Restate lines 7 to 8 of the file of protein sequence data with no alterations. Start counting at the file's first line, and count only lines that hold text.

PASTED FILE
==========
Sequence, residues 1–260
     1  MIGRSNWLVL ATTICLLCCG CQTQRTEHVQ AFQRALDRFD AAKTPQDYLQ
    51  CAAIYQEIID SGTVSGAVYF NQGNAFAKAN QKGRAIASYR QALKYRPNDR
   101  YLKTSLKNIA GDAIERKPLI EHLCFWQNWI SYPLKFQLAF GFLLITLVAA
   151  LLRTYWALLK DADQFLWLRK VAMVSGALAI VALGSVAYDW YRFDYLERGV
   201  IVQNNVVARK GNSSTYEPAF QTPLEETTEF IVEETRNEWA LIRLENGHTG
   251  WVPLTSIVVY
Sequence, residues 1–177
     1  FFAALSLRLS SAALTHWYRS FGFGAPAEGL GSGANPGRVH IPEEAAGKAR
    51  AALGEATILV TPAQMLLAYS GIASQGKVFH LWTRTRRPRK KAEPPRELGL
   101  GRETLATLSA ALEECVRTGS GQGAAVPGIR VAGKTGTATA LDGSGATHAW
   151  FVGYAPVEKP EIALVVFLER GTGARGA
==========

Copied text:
   251  WVPLTSIVVY
Sequence, residues 1–177